All exit polls pointed to an emphatic victory to the Aam Aadmi Party (AAP) in the Delhi assembly elections held on Saturday. While the Arvind Kejriwal-led party is upbeat about the prospects of a second term, the BJP is at the moment, exuding confidence that it would form the next government. The BJP’s claim, though, is seen by analysts as bluster.
Throughout the campaign, Arvind Kejriwal and other AAP leaders kept the focus on development and other local issues in what proved to be a strategic move. AAP stressed on health care, education, water and electricity supply, among other things.
Arvind Kejriwal sought votes on the basis of his work—a rarity in Indian politics.
If the BJP loses badly as exit polls have been predicting, it has only itself to blame. The party leadership raised the stakes so high that a bad loss would now show it in poor light.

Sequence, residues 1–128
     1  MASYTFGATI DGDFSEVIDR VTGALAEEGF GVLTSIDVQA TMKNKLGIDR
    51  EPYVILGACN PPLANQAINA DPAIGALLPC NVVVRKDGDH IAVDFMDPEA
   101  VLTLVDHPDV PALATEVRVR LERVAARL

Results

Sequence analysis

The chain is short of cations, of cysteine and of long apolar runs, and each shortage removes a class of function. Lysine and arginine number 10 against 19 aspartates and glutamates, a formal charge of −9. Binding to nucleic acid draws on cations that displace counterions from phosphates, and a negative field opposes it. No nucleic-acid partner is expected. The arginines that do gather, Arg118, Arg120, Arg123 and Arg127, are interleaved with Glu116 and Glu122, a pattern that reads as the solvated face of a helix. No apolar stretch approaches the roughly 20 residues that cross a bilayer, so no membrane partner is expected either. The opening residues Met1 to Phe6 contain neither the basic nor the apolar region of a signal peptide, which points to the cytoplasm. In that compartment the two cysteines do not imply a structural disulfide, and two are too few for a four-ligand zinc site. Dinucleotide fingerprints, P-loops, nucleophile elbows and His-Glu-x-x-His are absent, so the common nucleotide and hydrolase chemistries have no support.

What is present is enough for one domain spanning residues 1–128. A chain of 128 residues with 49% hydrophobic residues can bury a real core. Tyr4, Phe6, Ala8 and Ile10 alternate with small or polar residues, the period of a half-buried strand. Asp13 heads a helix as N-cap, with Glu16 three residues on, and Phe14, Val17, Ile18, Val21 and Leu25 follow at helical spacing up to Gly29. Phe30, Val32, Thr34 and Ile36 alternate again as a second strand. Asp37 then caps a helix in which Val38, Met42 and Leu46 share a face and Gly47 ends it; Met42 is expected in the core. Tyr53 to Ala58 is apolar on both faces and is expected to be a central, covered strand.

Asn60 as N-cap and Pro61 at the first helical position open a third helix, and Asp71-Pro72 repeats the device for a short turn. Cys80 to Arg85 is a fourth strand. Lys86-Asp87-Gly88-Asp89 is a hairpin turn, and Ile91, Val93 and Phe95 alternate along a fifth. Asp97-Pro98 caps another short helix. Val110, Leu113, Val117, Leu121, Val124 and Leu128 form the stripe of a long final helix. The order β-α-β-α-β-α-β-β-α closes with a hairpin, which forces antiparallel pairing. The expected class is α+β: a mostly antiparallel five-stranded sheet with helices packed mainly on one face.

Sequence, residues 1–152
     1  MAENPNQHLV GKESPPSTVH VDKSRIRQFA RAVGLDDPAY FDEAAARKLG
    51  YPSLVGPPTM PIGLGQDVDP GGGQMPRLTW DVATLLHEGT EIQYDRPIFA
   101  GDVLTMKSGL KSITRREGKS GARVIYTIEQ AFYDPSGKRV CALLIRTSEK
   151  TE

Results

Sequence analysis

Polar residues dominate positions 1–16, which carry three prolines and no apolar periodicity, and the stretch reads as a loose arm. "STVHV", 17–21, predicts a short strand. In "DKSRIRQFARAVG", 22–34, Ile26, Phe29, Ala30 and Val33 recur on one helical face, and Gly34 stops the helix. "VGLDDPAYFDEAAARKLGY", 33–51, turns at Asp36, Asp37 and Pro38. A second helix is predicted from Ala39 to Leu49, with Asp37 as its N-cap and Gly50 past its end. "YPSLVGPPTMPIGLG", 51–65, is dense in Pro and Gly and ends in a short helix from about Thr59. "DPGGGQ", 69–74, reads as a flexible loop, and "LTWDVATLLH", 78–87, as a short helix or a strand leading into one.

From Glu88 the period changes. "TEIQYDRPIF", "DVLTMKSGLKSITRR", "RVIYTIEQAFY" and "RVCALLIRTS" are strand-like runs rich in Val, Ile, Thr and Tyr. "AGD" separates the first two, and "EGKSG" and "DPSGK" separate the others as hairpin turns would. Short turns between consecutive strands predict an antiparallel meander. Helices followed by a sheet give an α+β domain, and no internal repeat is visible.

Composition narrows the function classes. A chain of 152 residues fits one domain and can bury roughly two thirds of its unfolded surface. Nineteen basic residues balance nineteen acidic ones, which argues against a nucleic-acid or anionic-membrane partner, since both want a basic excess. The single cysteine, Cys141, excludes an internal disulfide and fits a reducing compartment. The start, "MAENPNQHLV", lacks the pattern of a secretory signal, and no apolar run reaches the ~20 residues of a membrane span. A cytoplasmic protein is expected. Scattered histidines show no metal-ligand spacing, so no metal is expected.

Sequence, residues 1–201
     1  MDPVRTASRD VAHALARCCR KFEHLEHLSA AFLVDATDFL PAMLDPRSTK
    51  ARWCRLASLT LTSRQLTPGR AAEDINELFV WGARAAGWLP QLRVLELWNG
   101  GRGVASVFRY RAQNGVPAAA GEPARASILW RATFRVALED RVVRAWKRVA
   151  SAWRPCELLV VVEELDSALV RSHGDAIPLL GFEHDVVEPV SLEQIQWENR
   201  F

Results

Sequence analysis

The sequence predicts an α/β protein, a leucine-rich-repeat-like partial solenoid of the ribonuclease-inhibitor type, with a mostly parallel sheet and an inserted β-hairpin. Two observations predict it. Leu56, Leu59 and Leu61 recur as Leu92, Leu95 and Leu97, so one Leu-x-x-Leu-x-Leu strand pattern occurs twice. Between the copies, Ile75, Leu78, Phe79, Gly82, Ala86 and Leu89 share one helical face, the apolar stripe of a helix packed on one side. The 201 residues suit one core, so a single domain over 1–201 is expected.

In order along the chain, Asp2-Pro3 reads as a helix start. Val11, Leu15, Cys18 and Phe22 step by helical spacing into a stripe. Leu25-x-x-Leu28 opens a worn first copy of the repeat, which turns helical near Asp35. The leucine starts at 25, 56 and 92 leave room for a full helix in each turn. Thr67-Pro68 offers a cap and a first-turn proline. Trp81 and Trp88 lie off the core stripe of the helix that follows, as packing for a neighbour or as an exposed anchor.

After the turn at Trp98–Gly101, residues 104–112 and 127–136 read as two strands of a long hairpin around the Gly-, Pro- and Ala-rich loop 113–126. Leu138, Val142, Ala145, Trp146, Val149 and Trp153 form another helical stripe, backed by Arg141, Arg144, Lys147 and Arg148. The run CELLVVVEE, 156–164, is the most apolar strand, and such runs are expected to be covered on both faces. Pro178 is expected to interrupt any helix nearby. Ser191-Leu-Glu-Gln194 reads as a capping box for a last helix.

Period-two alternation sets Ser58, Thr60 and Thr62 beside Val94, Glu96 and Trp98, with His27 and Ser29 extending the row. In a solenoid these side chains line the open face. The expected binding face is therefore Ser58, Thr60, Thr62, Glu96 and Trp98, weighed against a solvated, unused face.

Prime Minister Narendra Modi addressed three rallies in Delhi, while Union Home Minister, Amit Shah ran a high-voltage campaign including several road shows. Apart from the seven MPs in the national capital and union ministers, the BJP parachuted its chief ministers, including Yogi Adityanath.
If the exit polls proved to be correct, did the BJP do the right thing in queering the pitch on Shaheen Bagh? In putting the spotlight on the anti-CAA protests at Shaheen Bagh, the BJP perhaps went overboard with its campaign, which veered out of focus. This is best illustrated by the incendiary speeches of its leaders, Yogi Adityanath, Anurag Thakur and Parvesh Verma.
Delhi, as exit polls would have us believe, seems to have thought well beyond CAA or other national issues. It appears to have focused more on micro or local issues which mattered in day to day life.